Merck employees handled the engineering and programming of the entire process control system themselves. Building and retaining expertise within a company is important, especially these days. It makes it possible for service personnel to become intimately familiar with the technology right from the beginning while also offering them a role in shaping its design. This not only speeds up troubleshooting and debugging down the road, but also increases overall acceptance of the system.
Startup accelerated by simulation
Acceptance of the B&R solution by Merck employees was also bolstered by the fact that large portions of the HMI and control software could be tested prior to the construction and commissioning of the plant. To make this possible, Merck equipped a testing room with a full setup of the planned B&R control hardware along with an interface to a WinMOD system that simulated the plant's I/O requirements. This not only increased programming efficiency, but also allowed a variety of different concepts to be evaluated. In addition, feedback provided by employees about both the design and layout of process graphics as well as the menu navigation system was taken into account very early in development.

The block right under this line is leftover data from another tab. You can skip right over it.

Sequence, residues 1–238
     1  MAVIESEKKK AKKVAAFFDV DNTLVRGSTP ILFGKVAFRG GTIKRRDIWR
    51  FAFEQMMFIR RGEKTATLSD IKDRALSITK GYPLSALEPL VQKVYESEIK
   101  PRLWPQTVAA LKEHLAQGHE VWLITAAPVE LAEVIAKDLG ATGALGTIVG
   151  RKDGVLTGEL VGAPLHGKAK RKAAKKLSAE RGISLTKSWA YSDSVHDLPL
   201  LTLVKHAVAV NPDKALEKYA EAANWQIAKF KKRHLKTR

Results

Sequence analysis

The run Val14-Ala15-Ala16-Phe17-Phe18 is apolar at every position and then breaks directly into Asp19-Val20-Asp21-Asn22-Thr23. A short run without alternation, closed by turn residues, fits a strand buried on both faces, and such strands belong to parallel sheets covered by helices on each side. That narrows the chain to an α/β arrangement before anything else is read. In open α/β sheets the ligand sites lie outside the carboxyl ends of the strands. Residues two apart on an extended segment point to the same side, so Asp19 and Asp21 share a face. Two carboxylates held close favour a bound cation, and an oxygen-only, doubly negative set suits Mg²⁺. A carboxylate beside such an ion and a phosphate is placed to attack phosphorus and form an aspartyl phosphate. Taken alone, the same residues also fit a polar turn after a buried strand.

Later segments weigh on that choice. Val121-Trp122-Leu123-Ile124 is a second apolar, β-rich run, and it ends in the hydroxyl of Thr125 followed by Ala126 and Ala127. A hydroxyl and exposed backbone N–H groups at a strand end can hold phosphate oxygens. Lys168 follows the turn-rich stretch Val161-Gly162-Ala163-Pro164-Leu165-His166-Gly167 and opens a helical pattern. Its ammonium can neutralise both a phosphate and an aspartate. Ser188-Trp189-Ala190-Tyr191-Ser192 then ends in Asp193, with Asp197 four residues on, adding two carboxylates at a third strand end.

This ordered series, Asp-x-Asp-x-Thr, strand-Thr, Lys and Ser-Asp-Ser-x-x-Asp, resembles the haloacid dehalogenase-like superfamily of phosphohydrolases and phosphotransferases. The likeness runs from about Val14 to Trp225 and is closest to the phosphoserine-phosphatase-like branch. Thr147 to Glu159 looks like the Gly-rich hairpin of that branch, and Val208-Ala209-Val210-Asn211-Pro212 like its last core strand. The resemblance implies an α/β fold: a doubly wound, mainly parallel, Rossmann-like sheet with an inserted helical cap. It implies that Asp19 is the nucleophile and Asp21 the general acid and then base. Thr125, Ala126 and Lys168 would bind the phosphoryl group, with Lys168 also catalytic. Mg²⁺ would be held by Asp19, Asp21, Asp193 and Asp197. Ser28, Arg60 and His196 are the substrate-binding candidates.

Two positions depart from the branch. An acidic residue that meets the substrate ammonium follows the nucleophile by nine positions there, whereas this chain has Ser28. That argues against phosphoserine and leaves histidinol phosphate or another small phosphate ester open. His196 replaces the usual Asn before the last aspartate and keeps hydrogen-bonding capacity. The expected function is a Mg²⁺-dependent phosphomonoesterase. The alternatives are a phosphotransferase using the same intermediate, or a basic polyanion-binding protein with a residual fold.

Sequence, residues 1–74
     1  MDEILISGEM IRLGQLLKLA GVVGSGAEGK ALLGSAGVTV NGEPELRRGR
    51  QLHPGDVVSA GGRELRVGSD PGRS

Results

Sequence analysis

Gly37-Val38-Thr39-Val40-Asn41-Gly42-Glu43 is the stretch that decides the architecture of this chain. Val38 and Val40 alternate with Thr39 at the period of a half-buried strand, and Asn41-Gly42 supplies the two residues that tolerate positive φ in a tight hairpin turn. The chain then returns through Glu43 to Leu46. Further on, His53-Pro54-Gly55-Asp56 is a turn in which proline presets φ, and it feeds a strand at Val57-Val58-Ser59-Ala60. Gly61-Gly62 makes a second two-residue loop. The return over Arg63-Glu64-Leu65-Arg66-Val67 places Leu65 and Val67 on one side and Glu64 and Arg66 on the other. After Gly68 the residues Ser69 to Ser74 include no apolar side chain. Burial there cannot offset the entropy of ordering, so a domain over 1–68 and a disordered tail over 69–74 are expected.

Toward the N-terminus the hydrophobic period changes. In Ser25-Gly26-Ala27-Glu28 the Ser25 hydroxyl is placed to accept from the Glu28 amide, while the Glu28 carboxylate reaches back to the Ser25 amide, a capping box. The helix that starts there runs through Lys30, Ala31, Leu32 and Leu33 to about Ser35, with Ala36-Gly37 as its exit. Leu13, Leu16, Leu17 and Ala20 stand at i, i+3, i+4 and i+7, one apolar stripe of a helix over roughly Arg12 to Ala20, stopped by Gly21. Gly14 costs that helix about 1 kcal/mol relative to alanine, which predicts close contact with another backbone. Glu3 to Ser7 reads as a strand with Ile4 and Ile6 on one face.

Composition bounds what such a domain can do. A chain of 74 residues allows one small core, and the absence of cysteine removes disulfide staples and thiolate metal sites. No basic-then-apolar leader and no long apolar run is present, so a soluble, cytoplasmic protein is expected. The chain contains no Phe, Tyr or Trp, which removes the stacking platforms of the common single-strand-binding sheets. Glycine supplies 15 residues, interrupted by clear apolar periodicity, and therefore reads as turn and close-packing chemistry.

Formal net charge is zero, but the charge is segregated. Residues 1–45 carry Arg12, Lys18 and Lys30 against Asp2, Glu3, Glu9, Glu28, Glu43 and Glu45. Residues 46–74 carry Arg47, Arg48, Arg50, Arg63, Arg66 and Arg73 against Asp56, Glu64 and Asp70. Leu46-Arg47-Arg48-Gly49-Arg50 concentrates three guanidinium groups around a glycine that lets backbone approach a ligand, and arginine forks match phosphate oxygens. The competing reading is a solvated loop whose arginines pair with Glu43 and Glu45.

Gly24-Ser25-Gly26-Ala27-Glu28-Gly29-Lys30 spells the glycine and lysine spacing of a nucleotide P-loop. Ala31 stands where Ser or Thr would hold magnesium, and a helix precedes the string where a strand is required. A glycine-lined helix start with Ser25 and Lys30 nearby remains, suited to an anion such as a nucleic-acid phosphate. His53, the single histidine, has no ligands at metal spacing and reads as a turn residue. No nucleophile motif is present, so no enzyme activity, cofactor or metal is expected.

Together with the ability to perform advanced testing of software components such as the sequence control, all of this trimmed valuable time off the commissioning phase and had the plant up and running at full capacity in no time. The simulation interface will continue to be useful in the future as well – for testing potential updates to the process control system.
Goals set, goals achieved
Stepping back to assess their new process control system in its entirety, Merck's engineers cannot help but come to a positive conclusion: All of their expectations have been fully satisfied. Each and every goal – from expanded capacity and improved efficiency to increased availability – has been achieved.
Powerful Automation PC 810 industrial computers from B&R act as servers for the operator terminals in Merck's new production plant. (Source: B&R)